I have to admit I wondered about the investor enthusiasm for Coca-Cola (NYSE:KO) shares early Tuesday morning. The stock popped up on news that, when you get to the gooey syrup that management poured on, is kind of flat and tasteless.

For Q4, Coke had a 7% revenue increase, slightly outpacing the 6% growth for the full year. Earnings came in slimmer, even if you account for those ever-confusing one-time charges. Q4's official tally was $0.36 per share, versus $0.50 last year. But on what Coke says was the "comparable" basis, this year's quarter brought $0.46 versus $0.46 for the prior year. On that same, basis, 2005 earnings totaled $2.17 against $2.06 last year.

Increase, decrease. Potato, puh-tah-to . especially when we're talking about what could be accurately characterized as flatness. Overall, Coke is treading water, and that's one of the reasons I'm not a big fan of the stock.

Case volumes rose by only 2% in North America, while operating income from the region actually fell by 3%. Europe's case volume was really flat, though full-year operating income improved by 24%. North Asia and the Middle East contributed 15% case volume growth but only 7% net revenue growth and a 5% benefit to operating income. Latin America saw 6% case volume growth, blah, blah, blah . are you bored yet?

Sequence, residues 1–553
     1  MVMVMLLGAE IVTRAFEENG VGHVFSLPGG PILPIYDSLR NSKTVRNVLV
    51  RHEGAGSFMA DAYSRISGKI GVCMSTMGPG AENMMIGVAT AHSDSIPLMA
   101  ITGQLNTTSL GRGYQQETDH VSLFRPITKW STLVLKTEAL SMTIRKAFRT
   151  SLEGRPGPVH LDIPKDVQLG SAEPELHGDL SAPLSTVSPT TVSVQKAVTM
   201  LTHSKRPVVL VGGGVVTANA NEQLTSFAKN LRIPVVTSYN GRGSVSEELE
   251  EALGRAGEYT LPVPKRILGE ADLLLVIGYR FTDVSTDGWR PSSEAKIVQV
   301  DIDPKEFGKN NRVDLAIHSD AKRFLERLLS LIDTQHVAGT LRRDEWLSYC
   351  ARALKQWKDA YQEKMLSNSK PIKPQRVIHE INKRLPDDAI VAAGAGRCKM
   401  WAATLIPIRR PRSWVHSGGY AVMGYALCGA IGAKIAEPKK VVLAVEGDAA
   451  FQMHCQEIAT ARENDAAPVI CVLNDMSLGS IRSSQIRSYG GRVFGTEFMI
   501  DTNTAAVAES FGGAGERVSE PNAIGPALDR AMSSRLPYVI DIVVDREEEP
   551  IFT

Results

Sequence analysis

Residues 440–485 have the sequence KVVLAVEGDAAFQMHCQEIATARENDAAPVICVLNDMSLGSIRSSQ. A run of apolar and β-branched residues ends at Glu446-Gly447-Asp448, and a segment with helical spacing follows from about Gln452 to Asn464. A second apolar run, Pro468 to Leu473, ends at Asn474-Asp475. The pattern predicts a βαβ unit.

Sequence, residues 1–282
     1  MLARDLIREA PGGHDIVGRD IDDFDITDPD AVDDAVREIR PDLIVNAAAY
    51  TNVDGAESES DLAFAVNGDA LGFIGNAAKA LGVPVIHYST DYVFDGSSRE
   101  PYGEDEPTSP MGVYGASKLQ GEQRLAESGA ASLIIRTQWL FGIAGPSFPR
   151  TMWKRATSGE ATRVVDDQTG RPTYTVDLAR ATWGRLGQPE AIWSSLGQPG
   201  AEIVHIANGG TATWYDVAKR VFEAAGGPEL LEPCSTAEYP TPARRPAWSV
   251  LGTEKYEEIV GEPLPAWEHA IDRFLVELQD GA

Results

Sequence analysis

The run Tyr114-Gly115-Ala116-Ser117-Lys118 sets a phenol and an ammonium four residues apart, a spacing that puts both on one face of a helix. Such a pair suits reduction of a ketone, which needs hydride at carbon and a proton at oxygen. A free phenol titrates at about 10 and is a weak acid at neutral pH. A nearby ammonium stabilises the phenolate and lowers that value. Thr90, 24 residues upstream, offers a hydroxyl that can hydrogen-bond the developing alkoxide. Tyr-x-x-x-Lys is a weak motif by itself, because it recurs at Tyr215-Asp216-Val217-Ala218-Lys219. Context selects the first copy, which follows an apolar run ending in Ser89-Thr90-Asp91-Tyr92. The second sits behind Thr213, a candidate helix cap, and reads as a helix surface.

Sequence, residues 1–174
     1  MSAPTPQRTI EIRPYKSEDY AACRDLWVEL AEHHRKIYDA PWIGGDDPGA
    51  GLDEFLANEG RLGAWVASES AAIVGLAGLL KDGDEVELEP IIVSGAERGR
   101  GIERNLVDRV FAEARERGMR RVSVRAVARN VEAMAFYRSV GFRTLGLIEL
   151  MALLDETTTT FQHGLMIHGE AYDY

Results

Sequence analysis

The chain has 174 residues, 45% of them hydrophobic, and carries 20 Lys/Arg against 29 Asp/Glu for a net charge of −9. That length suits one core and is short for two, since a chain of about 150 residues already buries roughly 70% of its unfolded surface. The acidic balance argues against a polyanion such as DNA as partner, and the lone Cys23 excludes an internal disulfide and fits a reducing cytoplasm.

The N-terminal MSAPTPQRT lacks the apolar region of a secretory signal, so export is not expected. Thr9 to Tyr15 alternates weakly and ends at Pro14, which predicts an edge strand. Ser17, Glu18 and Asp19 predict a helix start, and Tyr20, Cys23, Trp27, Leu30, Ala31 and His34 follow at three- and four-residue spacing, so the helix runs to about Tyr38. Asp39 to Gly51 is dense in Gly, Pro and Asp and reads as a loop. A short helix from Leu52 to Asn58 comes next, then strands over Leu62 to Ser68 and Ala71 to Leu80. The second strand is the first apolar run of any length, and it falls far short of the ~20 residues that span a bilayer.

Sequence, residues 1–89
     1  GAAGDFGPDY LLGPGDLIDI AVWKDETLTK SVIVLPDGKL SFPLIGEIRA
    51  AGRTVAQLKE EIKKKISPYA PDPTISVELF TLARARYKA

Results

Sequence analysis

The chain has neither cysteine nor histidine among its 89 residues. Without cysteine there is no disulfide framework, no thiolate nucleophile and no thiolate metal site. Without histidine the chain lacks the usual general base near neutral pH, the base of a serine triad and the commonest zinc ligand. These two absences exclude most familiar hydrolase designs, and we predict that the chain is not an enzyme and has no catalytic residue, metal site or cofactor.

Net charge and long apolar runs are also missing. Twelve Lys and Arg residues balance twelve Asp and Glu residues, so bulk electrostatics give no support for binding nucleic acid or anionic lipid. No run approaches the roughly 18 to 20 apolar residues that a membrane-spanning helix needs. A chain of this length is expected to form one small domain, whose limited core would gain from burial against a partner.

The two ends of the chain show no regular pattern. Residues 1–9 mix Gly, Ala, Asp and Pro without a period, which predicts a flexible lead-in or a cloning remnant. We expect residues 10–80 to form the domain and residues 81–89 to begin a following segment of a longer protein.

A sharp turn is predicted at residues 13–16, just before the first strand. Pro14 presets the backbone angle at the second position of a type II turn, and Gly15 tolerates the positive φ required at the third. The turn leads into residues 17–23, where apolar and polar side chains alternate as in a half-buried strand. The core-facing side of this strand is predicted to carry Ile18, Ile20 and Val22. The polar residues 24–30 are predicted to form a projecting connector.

Me, too. Coke is just that kind of stock. Without a diversity of products, something that competitor PepsiCo (NYSE:PEP) has, Coke has its sled hitched to some tired-looking livestock. That's not to say there aren't opportunities in the canned-beverage space. Just look at Hansen Natural (NASDAQ:HANS). It's just that Coke doesn't seem to be capitalizing on them.

Coke's saving grace is its free cash flow, which, by my math, hit $5.5 billion this year. The trouble is, I've got to assume 10% growth in that figure for the next half-decade to make today's price look fair -- to say nothing of getting myself a margin of safety. Sure, some of that could change, should Coke show bigger growth in some of the foreign markets, but is that fair to assume? Can we count on the kind of thing that Starbucks (NASDAQ:SBUX) may get in China?

That would be a wish, and I've long since learned that wishes are best kept away from the "buy" button. That means I'm tossing Coke back into the cooler, and I'll be fishing around in the ice water for something a bit more enticing.

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Seth Jayson hates it when those cola burp bubbles go up his nose. At the time of publication, he had no positions in any company mentioned here. View his stock holdings and Fool profile here . Fool rules are here .